The question is :

Let $f : [0,1] \longrightarrow \mathbb {R}$ be defined by

$f(x) = x^{\alpha} \sin {\frac {1} {x^{\beta}}}$ , whenever $x \in (0,1]$ and $=0$ , whenever $x = 0$.

Then find the values of $\alpha$ and $\beta$ for which $f$ becomes a function of bounded variation on $[0,1]$.

Please give me a right way to proceed.Thank you in advance.

I have just obtained the result which is $\alpha > 2$ and $\beta < \alpha - 2$.Is it correct at all?Please verify it.

  • $\begingroup$ What are your thoughts here? Surely you have some ideas? $\endgroup$
    – zhw.
    Nov 4, 2016 at 18:12
  • $\begingroup$ I think those values will work, but you're missing quite a bit. For example $\alpha = 1, \beta =0$ gives us $f$ equal to a constant times $x.$ $\endgroup$
    – zhw.
    Nov 4, 2016 at 18:24

2 Answers 2


Hint: If $f$ is continuously differentiable on $[a,b],$ then the total variation of $f$ on $[a,b]$ is $\int_a^b|f'(x)|\, dx.$

  • $\begingroup$ I have done a mistake.I think the condition is $\alpha > 1$ and $\beta < \alpha - 1$ and @zhw as you have mentioned earlier $\alpha = 1$ if and only if $\beta = 0$.Is it ok now or are there some mistakes again? $\endgroup$ Nov 4, 2016 at 18:48
  • $\begingroup$ No, you're missing some important ideas. For example, suppose $\alpha > 0$ and $\beta =0$ Then $f$ is of bounded variation. $\endgroup$
    – zhw.
    Nov 4, 2016 at 20:47
  • $\begingroup$ please answer my question.I have some confusion to solve.Please let me tell how should I proceed.I think what I have done so far is not a right way.So please help me. $\endgroup$ Nov 5, 2016 at 4:13
  • $\begingroup$ Can anybody tell me for what values of $\alpha$ and $\beta$ does the function f is of BV on $[0,1]$?.Then positively it will help me a lot. $\endgroup$ Nov 5, 2016 at 5:42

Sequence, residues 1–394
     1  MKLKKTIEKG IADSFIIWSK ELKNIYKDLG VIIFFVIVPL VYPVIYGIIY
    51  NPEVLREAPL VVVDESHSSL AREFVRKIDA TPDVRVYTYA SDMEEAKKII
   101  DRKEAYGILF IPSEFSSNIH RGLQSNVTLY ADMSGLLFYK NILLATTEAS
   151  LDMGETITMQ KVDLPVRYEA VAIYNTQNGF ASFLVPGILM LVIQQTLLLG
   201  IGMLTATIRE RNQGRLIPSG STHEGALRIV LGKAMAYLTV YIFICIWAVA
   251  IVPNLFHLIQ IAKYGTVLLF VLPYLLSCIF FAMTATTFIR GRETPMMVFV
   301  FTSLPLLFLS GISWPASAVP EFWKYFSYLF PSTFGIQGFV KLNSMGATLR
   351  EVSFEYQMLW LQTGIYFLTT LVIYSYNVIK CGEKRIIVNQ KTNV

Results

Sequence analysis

• $\begingroup$ Did you try the hint I gave? $\endgroup$
    – zhw.
    Nov 5, 2016 at 16:04

Claim. Let $\alpha>0$, $\beta > 0$ and let $f$ be as given. Then $f \in \operatorname{BV}(\left[0,1\right])$ if and only if $\alpha > \beta$.

Proof. Suppose that $\alpha>\beta$. Let $h:\left[0,1\right]\to\mathbf{R}$ be defined by $$ h(x)= \begin{cases} \displaystyle{x^{\alpha/(\alpha-\beta)}\sin\left(\frac{1}{x^{\beta/(\alpha-\beta)}}\right)}&,\text{ if } 0<x\le 1\\ 0&,\text{ if } x = 0. \end{cases} $$ Then $h$ is differentiable at every $x\in \left[0,1\right]$. In fact, we have $$ h^{\prime}(x)= \begin{cases} \displaystyle{\frac{\alpha}{\alpha-\beta}x^{\beta/(\alpha-\beta)}\sin\left(\frac{1}{x^{\beta/(\alpha-\beta)}}\right)-\frac{\beta}{\alpha-\beta}\cos\left(\frac{1}{x^{\beta/(\alpha-\beta)}}\right)}&,\text{ if }0<x\le1\\ 0&,\text{ if }x=0. \end{cases} $$ In particular, $h^{\prime}$ is bounded, hence $h$ is Lipschitzian of order $1$, i.e., there is some $C>0$ such that for all $x\in\left[0,1\right]$ and all $y\in\left[0,1\right]$, we have $$ \left|h(x)-h(y)\right|\le C\left|x-y\right|. $$

Substituting $x\mapsto x^{\alpha-\beta}$, $y\mapsto y^{\alpha-\beta}$, we finally get $$ \left|f(x)-f(y)\right|\le C\left|x^{\alpha-\beta}-y^{\alpha-\beta}\right|, $$ therefore the sums appearing in the definition of total variation are bounded above by $C(t_{n}^{\alpha-\beta} - t_{0}^{\alpha-\beta})=C(1-0)=C$, which implies $f\in\operatorname{BV}(\left[0,1\right])$.

Suppose that $\alpha\le\beta$ and consider the following partition $$ \left\lbrace 0, \left(\frac{2}{\pi(2n+1)}\right)^{1/\beta}, \left(\frac{2}{\pi(2n)}\right)^{1/\beta},\left(\frac{2}{\pi(2n-1)}\right)^{1/\beta},\cdots,\left(\frac{2}{\pi}\right)^{1/\beta},1 \right\rbrace. $$ The following holds: $$ \begin{aligned} \sum_{k=1}^{2n+2}\left|f(t_{k})-f(t_{k-1})\right|&\ge\sum_{k=2}^{2n+1}\left|f(t_{k})-f(t_{k-1})\right|\\ &=\left(\frac{2}{\pi}\right)^{\alpha/\beta}\sum_{k=2}^{2n+1}\left|\frac{1}{(2n+2-k)^{\alpha/\beta}}\sin\left(\frac{k\pi}{2}\right)-\frac{1}{(2n+2-(k-1))^{\alpha/\beta}}\sin\left(\frac{(k-1)\pi}{2}\right)\right| \\ &\ge\left(\frac{2}{\pi}\right)^{\alpha/\beta}\sum_{k=1}^{n}\frac{1}{\left(2(n-k)+1\right)^{\alpha/\beta}}\\ &=\left(\frac{2}{\pi}\right)^{\alpha/\beta}\sum_{k=0}^{n-1}\frac{1}{\left(2k+1\right)^{\alpha/\beta}}. \end{aligned} $$ Because $0<\alpha\le\beta$, the last sum can be made arbitrarily large. Consequently, $f\notin \operatorname{BV}(\left[0,1\right])$ and the claim is proved.


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